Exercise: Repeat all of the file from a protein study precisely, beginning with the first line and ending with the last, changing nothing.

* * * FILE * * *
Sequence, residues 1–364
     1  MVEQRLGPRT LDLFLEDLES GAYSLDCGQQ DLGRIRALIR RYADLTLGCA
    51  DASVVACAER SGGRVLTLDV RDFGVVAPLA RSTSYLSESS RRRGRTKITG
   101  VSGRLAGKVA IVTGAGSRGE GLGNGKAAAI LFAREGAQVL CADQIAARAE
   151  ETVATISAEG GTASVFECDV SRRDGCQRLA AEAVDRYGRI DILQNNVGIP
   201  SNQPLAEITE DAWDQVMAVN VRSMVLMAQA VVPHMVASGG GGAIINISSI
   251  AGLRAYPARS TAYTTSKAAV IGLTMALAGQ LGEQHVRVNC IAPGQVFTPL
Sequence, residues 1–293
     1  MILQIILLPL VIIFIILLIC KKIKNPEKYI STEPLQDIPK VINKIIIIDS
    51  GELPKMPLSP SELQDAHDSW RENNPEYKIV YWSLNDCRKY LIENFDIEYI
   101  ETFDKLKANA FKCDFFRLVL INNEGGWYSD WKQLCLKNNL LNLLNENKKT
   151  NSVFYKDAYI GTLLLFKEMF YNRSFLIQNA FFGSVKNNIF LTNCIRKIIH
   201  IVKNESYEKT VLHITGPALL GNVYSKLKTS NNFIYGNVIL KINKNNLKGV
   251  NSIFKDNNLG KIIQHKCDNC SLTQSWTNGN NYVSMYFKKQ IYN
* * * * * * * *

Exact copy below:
Sequence, residues 1–364
     1  MVEQRLGPRT LDLFLEDLES GAYSLDCGQQ DLGRIRALIR RYADLTLGCA
    51  DASVVACAER SGGRVLTLDV RDFGVVAPLA RSTSYLSESS RRRGRTKITG
   101  VSGRLAGKVA IVTGAGSRGE GLGNGKAAAI LFAREGAQVL CADQIAARAE
   151  ETVATISAEG GTASVFECDV SRRDGCQRLA AEAVDRYGRI DILQNNVGIP
   201  SNQPLAEITE DAWDQVMAVN VRSMVLMAQA VVPHMVASGG GGAIINISSI
   251  AGLRAYPARS TAYTTSKAAV IGLTMALAGQ LGEQHVRVNC IAPGQVFTPL
Sequence, residues 1–293
     1  MILQIILLPL VIIFIILLIC KKIKNPEKYI STEPLQDIPK VINKIIIIDS
    51  GELPKMPLSP SELQDAHDSW RENNPEYKIV YWSLNDCRKY LIENFDIEYI
   101  ETFDKLKANA FKCDFFRLVL INNEGGWYSD WKQLCLKNNL LNLLNENKKT
   151  NSVFYKDAYI GTLLLFKEMF YNRSFLIQNA FFGSVKNNIF LTNCIRKIIH
   201  IVKNESYEKT VLHITGPALL GNVYSKLKTS NNFIYGNVIL KINKNNLKGV
   251  NSIFKDNNLG KIIQHKCDNC SLTQSWTNGN NYVSMYFKKQ IYN